Flexibility and value

Alison Johnstone reflects on International Women’s Day.

On International Women’s Day I reflected that so much of the work done by women is often undervalued and invisible, and it remains the case that work traditionally done by women is paid less than traditional ‘male’ jobs.

Last week I visited the Little Monkeys nursery in Crammond. Nursery staff do an incredible job embedding play-based learning at a vital time in little people’s development. Almost all of them are women, working with such energy and commitment I found it exhausting just to witness.

Many years ago, I volunteered on Thursday mornings at my daughter’s nursery. I was always struck by how intensive that 2.5 hours was, and how impressive it was that the staff delivered 10 similar high quality sessions every week, appreciating not just the age but the development stage of each child.

This coming August the national entitlement to free childcare will increase from 600 to 1,140 hours. Parliament will debate the progress on Wednesday, but as Audit Scotland reported last week, more than 4,000 nursery staff have yet to be recruited.

It is surely no coincidence that the Scottish Government is also struggling to recruit other jobs dominated by women, like nursing, social care and teaching.

This is about value. We need to grow these sectors, but when it comes to the big capital spending we still throw money at bridges and motorways.

For the expansion of hours to be valued by families, they must be flexible. Many women work around the clock, they work shifts, they juggle two or three zero-hour jobs, travel between these, having to fit in school drop-offs and pick-ups and feeding their children.

Almost all lone parents are women, who have been unfairly and relentlessly targeted by UK welfare reform.

What’s more, childcare expansion cannot just be an economic lever to get more mums into employment. It has to be a quality experience for our children, providing nurturing, play-based development with meaningful relationships. Staff who are underpaid or run off their feet will find it much harder to provide that.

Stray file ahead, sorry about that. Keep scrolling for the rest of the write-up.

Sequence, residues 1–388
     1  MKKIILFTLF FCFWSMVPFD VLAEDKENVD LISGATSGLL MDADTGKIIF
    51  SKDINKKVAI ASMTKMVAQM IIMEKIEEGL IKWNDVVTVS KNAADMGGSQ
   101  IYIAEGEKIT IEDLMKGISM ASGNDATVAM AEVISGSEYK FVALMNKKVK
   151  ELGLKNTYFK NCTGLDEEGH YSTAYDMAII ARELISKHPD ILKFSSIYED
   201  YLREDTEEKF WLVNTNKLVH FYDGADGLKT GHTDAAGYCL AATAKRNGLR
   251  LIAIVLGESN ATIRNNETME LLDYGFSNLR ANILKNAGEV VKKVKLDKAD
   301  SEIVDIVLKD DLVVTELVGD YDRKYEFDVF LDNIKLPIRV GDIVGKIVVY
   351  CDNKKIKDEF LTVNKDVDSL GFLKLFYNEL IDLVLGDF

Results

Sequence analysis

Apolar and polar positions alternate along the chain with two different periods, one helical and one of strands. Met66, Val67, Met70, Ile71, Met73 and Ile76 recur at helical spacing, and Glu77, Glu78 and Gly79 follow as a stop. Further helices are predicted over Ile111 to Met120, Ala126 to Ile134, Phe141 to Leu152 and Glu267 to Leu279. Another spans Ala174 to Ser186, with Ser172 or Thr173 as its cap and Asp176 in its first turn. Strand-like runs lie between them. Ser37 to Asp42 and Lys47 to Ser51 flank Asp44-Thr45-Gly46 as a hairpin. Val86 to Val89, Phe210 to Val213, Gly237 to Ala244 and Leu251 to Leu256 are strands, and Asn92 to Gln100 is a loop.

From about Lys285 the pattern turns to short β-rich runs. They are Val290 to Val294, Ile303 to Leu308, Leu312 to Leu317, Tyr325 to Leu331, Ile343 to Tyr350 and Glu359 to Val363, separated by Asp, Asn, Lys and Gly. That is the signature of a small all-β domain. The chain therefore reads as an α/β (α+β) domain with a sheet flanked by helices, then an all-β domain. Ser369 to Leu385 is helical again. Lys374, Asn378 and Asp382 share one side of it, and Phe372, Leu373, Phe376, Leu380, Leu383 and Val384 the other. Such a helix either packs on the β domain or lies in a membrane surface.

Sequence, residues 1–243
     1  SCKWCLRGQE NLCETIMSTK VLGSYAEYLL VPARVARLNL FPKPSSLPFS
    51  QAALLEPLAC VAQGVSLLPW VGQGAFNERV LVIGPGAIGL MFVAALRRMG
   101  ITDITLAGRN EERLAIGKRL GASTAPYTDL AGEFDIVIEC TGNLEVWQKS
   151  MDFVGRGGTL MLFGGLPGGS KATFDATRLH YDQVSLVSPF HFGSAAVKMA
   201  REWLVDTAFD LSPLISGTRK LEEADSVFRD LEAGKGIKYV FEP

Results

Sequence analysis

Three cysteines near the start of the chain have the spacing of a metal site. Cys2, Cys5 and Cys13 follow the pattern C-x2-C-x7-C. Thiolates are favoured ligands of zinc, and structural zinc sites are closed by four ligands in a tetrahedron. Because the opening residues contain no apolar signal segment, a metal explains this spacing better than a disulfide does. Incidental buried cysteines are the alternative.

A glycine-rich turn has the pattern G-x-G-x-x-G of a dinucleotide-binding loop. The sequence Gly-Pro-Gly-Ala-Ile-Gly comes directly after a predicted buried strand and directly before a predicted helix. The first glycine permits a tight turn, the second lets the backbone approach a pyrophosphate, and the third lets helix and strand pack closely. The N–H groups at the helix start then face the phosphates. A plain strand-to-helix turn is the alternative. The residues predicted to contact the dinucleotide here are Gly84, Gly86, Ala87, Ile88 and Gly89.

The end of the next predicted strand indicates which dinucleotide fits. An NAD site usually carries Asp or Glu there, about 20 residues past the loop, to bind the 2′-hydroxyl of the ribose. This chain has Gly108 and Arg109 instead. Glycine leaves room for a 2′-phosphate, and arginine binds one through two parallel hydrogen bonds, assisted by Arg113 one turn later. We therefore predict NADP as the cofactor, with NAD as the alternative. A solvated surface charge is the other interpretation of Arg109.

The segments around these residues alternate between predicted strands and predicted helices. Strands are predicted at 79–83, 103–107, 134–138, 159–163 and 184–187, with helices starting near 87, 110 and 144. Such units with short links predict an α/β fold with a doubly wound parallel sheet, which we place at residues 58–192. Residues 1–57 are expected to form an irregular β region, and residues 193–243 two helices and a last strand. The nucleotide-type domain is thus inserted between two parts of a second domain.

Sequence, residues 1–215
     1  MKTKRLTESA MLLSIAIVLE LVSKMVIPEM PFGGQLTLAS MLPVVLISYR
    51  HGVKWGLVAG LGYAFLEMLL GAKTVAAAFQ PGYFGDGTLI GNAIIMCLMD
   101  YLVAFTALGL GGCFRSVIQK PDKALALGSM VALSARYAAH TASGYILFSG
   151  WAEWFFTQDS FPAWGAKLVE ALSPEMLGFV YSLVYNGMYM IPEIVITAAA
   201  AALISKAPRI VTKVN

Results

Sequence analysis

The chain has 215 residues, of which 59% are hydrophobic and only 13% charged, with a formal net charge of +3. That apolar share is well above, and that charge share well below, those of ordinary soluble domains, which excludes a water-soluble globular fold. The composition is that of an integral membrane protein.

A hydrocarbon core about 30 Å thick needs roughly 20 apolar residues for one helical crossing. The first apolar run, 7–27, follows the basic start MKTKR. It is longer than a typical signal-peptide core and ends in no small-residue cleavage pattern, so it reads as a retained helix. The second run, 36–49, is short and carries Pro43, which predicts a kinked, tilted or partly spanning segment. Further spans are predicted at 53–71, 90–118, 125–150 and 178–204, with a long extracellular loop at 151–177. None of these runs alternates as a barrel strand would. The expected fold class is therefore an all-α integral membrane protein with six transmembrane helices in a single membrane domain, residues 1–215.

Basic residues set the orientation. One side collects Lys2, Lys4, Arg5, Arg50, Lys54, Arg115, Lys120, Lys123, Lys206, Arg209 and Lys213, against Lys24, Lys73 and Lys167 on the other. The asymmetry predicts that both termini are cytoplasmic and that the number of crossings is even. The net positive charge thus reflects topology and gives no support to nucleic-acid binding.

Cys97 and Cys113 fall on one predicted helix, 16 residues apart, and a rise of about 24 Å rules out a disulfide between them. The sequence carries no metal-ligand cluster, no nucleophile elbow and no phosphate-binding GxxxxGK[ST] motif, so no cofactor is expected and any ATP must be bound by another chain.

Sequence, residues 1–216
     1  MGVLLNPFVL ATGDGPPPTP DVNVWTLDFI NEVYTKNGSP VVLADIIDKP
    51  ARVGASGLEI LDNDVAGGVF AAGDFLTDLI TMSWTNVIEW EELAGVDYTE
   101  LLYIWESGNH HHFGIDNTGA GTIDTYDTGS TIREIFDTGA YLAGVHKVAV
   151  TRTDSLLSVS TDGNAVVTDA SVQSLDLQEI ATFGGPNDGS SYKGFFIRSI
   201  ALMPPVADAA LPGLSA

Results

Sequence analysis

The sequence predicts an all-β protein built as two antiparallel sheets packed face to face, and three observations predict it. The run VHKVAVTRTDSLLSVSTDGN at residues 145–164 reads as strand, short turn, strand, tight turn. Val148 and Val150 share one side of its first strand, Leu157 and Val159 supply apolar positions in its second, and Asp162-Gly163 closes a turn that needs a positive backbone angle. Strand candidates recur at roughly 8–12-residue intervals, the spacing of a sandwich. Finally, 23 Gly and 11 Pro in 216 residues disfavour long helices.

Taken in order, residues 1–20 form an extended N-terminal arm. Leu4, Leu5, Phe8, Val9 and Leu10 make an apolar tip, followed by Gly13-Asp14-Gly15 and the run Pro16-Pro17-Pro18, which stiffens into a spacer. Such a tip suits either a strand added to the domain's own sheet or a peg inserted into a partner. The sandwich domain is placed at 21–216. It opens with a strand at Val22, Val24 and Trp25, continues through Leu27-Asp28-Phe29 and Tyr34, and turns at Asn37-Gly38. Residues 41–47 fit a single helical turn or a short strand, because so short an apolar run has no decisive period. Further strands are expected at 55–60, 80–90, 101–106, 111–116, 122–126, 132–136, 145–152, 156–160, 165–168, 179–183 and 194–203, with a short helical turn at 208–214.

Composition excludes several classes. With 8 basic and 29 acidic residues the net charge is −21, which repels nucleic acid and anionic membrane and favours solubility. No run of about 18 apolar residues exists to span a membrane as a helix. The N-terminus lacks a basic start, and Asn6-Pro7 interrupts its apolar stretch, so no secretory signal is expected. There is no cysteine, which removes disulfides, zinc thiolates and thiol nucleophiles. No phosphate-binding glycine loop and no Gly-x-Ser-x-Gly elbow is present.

And it isn’t just the jobs that are undervalued. So, too is the training. Sir Ian Wood’s report in 2013 warned that vocational training needed to be placed on the same level of esteem as university degrees, especially when more than half of our young people don’t go to university.

He also called for measures to improve gender balance in training. Are we doing enough to attract young men into early years and childcare?

Similarly, there must be quality pathways and jobs for women as we transition to a low-carbon economy. Jobs in renewable energy, for example, remain dominated by men.

In parliament, we also see a lack of flexibility. We vote at 5pm, but often it is not the end of the working day for MSPs. Meetings in and out of parliament take place in the evening and the weekend.

It’s rewarding, varied and incredibly interesting work, but like many other roles, it demands long hours.

I was saddened to learn that Communities secretary Aileen Campbell will not stand for re-election next year. Like Gail Ross MSP, she wishes to spend more time with her family. Of course, this tension is not unique to parliamentary life, or to women, but if democracy is representative it must work for women and respect a work/life balance.

Closing the gender pay gap is about more than equal pay. It is the duty of parliament and government to address the underlying culture which still devalues women’s work.